You require income security in retirement

If you’re looking for a few source of income that is fixed in retirement The guaranteed income offered through a defined benefit pension plan might be very attractive. With the 401(k) account, there is no limitation on the amount your account could grow or decline in value. If it falls enough, you may overdraw your balance.

You plan to stay with the same company over the long run

If you plan to work for many years or perhaps all of your working life at a single firm, it might be beneficial to join the company’s plans for pensions. This is because you’re more likely to be fully invested in this plan. This will enable you to enjoy every benefit you earn. 

It’s unlikely that you’ll ever move

If the employment that makes you eligible for a pension plan is location-dependent–for example, if you work as a teacher, and the state runs the retirement plan–it may make sense to choose the pension as you will likely keep working in the same state.

You might want to consider enrolling in the 401(k) instead when you meet the requirements listed below.

You’re looking for a tax-advantaged choice

The traditional 401(k) plan lets you contribute pre-tax funds from your pay into the account, and this decreases the amount of tax deductible income. This option could be beneficial when you’re currently in a higher-income tax bracket and anticipate to be in an income tax bracket that is lower when you retire.

You’re planning to change businesses frequently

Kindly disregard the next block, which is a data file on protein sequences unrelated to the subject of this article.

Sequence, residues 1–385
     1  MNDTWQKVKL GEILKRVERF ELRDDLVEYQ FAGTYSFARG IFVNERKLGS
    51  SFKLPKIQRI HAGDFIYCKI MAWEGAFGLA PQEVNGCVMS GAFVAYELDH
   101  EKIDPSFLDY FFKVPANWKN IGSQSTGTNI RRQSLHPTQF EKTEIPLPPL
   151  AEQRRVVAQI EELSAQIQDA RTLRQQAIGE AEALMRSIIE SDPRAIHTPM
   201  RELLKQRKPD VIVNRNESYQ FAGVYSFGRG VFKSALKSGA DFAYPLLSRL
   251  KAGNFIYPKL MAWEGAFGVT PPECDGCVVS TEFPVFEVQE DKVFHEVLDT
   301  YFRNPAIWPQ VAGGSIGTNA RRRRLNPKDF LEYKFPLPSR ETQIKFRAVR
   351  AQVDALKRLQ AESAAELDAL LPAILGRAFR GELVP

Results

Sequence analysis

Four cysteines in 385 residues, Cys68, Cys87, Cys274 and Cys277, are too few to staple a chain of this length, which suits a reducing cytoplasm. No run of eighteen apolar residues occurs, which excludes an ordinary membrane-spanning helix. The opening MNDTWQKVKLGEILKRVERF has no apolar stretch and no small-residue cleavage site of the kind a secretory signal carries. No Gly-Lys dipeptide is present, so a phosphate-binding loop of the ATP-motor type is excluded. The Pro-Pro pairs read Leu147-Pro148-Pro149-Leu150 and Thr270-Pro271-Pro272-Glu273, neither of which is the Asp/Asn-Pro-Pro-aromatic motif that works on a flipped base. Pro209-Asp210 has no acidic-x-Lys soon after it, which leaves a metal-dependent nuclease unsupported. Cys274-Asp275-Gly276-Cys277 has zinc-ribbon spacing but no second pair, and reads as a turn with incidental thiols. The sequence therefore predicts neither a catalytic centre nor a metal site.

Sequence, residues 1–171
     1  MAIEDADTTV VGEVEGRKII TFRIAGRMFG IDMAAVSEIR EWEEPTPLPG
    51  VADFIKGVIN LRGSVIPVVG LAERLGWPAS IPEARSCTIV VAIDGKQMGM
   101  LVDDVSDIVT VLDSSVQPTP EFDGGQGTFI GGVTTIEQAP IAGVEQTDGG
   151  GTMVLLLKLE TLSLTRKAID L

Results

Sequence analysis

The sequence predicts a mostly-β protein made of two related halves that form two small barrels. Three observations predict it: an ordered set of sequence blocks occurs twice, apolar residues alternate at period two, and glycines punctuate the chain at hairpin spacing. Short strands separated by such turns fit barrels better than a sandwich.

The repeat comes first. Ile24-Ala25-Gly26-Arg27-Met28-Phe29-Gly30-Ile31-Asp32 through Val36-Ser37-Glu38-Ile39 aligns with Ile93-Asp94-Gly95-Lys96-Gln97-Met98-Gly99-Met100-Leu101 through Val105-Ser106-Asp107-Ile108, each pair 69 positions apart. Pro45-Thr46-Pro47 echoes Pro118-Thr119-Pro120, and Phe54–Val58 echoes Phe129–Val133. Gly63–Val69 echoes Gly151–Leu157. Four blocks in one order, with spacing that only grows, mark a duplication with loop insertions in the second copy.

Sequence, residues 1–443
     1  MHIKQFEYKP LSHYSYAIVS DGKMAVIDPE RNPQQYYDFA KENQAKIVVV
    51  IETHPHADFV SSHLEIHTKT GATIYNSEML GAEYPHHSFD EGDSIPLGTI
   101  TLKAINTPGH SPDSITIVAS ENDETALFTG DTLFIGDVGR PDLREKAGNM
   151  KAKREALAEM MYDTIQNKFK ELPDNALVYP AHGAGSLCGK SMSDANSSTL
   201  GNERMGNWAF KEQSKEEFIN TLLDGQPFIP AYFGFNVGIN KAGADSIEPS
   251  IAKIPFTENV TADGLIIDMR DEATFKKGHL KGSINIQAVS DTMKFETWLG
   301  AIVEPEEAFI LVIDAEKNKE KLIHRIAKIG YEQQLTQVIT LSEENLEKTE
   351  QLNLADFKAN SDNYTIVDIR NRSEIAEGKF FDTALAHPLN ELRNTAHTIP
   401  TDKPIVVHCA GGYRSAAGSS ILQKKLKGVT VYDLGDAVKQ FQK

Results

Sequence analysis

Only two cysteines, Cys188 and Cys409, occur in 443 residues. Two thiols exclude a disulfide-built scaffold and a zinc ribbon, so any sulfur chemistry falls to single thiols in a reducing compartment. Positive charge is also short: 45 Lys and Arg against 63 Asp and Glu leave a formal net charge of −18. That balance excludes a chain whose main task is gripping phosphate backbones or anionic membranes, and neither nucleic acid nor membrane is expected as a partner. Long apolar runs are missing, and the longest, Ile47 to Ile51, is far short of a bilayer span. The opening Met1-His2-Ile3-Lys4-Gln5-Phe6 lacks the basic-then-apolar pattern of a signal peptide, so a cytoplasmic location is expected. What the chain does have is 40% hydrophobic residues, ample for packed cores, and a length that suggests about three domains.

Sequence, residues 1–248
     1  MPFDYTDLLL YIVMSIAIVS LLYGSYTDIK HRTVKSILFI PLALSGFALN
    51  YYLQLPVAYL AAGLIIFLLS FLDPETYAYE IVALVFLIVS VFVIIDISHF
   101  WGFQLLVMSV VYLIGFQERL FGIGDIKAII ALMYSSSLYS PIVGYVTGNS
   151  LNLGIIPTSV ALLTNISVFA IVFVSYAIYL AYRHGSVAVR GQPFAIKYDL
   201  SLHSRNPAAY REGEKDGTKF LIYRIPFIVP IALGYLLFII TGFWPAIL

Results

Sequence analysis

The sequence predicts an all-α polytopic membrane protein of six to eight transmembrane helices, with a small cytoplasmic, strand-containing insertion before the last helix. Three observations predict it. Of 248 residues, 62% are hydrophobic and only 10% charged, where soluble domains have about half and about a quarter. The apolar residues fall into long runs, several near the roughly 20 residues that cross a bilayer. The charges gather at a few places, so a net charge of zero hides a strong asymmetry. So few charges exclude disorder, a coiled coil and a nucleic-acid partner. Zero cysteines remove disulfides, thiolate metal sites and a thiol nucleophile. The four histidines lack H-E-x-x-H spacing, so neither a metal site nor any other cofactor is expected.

If you’re for a private company, or are planning to work for multiple public sector organizations throughout the course of your professional career, then you may not get the same benefits from a retirement plan as you might not get fully legally vested.

You’re looking for a retirement savings strategy

Pension plans may be subject to freezes that stop new participants from joining as well as buyouts where employers can offer lump-sum payments to ease the costs of payouts over the long term. However, 401(k) plans are taking over these plans, which means they’re poised to continue to be an option for retirement savings.


If your employer doesn’t provide any type of retirement plan make sure you manage your savings with an conventional IRA as well as an Roth IRA. It could let you contribute up to $6,000 a year between 2021 and 2022 ($7,000 when you’re 50 or over) in accordance with your income. 

If your company is one of the few who offer pension plans, be sure to do research on the plan before jumping at the chance of enrolling.

If you are a participant in pension plans, you should be aware of the particulars of it. Employers frequently hold workshops about the benefits of the plan and will explain the details of the plan at the orientation. If you’re not sure about the plan you’re receiving, your employer match or anything else related with the program, speak with a representative for human resources within your company.

Once you are aware of what to expect from your pension plan, assess it against other sources of retirement income and alter your savings plan in order to improve your chances of a comfortable retirement.

the authorAaron Krause